I Was Wrong: S&P 500 ETFs Are Risky. This One Is Far Superior

The S&P 500 hit US$5,000 highs, but is now incredibly risky with over exposure to the Magnificent Seven. I’d get in on another ETF instead.

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There has long been one piece of advice provided by Warren Buffett: if you’re a nervous investor, invest long term in S&P 500 Index exchange-traded funds (ETFs) with low management fees.

But right now, that’s simply something I wouldn’t do.

These ETFs have become too risky given one factor. Today, we’re going to look at what that factor is and where investors may want to start investing instead.

Heavy on Big Tech

The market rally on the S&P 500 has seen shares climb past the US$5,000 mark already in 2024. Yet this rally could be seen as coming down to just a few stocks. And those stocks are the Magnificent Seven. These are companies you know, including Meta, Apple, Alphabet and more. This has made the index top-heavy, with smaller companies perhaps not doing as well.

The recent rally marked the 14th week of jumps in the last 15 weeks — something investors haven’t seen in over 50 years. The Index is now at the highest level investors have seen since the 1970s. And sure, those heavy hitters have proven to be quite valuable. Yet some have shown that they aren’t immune to market drops.

About half of the Big Tech firms so far saw a drop in share price, even when they didn’t announce earnings that missed estimates. And given they make up almost 30% of the S&P 500 and its market cap, that’s quite significant. And sure, earnings have proven strong. But the market is fickle, as we’ve seen. Shares could just as easily drop should we get more bad news on macro issues like interest rates and inflation.

Historically, big isn’t best

The largest stocks tend to actually do worse over time than their smaller counterparts, according to research by GMO Investment and Asset Management. Historically, the top 10 stocks tend to become expensive, and then when investors see value isn’t there anymore, they see a sharp drop in returns.

This adds up over time. Since 1957, the top 10 largest companies on the S&P 500 have actually underperformed the rest of the Index. And this could only become worse, given that in recent history, we’ve seen even more concentration.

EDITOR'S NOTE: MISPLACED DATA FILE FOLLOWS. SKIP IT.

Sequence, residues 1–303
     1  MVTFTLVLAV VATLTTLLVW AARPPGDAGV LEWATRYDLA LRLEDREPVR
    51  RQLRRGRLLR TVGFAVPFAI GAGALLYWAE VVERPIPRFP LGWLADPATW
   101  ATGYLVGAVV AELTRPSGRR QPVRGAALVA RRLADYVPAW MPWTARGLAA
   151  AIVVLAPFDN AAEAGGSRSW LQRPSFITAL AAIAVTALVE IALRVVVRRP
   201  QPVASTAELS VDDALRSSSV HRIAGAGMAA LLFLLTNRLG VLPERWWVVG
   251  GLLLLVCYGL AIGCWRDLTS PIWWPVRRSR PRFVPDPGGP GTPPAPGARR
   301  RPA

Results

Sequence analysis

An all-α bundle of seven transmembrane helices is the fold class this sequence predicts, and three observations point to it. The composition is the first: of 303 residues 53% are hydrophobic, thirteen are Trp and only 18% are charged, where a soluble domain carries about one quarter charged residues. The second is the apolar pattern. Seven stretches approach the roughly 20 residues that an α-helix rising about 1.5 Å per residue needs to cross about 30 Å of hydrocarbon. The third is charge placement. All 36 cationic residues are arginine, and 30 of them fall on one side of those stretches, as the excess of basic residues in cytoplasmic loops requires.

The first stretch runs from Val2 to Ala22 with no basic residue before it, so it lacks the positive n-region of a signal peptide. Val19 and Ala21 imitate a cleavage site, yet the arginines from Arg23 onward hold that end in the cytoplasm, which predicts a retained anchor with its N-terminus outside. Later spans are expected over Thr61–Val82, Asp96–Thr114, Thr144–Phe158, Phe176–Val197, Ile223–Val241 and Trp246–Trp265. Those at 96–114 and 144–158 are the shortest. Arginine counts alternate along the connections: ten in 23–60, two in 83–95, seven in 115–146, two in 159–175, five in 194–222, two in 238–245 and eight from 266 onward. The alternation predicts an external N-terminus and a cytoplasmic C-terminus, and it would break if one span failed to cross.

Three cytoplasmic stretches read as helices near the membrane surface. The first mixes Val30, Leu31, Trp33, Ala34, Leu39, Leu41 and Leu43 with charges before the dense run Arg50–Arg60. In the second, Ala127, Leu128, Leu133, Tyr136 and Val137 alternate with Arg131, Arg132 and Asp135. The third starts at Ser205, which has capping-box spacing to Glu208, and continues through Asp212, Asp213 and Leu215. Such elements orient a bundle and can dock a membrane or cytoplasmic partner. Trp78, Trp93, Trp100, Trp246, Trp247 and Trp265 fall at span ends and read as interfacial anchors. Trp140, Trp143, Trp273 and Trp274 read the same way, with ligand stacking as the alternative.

You might be thinking I’m crazy, thinking that betting against these big tech stocks in 2023 would have been disastrous. And you’re right! But today, it’s a different situation, and that situation is a return to normalcy — a normalcy that, overall, could see the larger companies swell and decline. So, where might investors want to go instead?

Get on another index

If you’re a long-term holder and bought the S&P 500 at lower levels, then by all means, continue to hold. Or even better, consider selling and buying on another dip. But if you’re hoping to buy now and see similar growth from the last year, I wouldn’t hold your breath.

Instead, now is a great time to get in on a rally among other companies. And for that, I would look to ETFs that focus on the Russell 2000. In fact, analysts believe that the Russell 2000 is now primed for a breakout, with shares up 22% since bottoming out last year. And this earnings season, the Index has seen companies overall perform better as more than 80% of companies reporting thus far have beat estimates.

What’s more, the Russell 2000 doesn’t have the focus on the Magnificent Seven, compared to the S&P 500. So, overall, you’ll be getting a better deal and likely better performance. Therefore, it might be time to consider a Russell 2000 ETF, one such as iShares U.S. Small Cap Index ETF (CAD-Hedged) (TSX:XSU). This allows for exposure to the rally in United States stocks but is far more diversified. It seeks to track the Russell 2000, providing a 1.14% dividend as well!

This article represents the opinion of the writer, who may disagree with the “official” recommendation position of a Motley Fool premium service or advisor. We’re Motley! Questioning an investing thesis — even one of our own — helps us all think critically about investing and make decisions that help us become smarter, happier, and richer, so we sometimes publish articles that may not be in line with recommendations, rankings or other content.

Randi Zuckerberg, a former director of market development and spokeswoman for Facebook and sister to Meta Platforms CEO Mark Zuckerberg, is a member of The Motley Fool's board of directors. Suzanne Frey, an executive at Alphabet, is a member of The Motley Fool’s board of directors. Fool contributor Amy Legate-Wolfe has no position in any of the stocks mentioned. The Motley Fool recommends Alphabet, Apple, and Meta Platforms. The Motley Fool has a disclosure policy.

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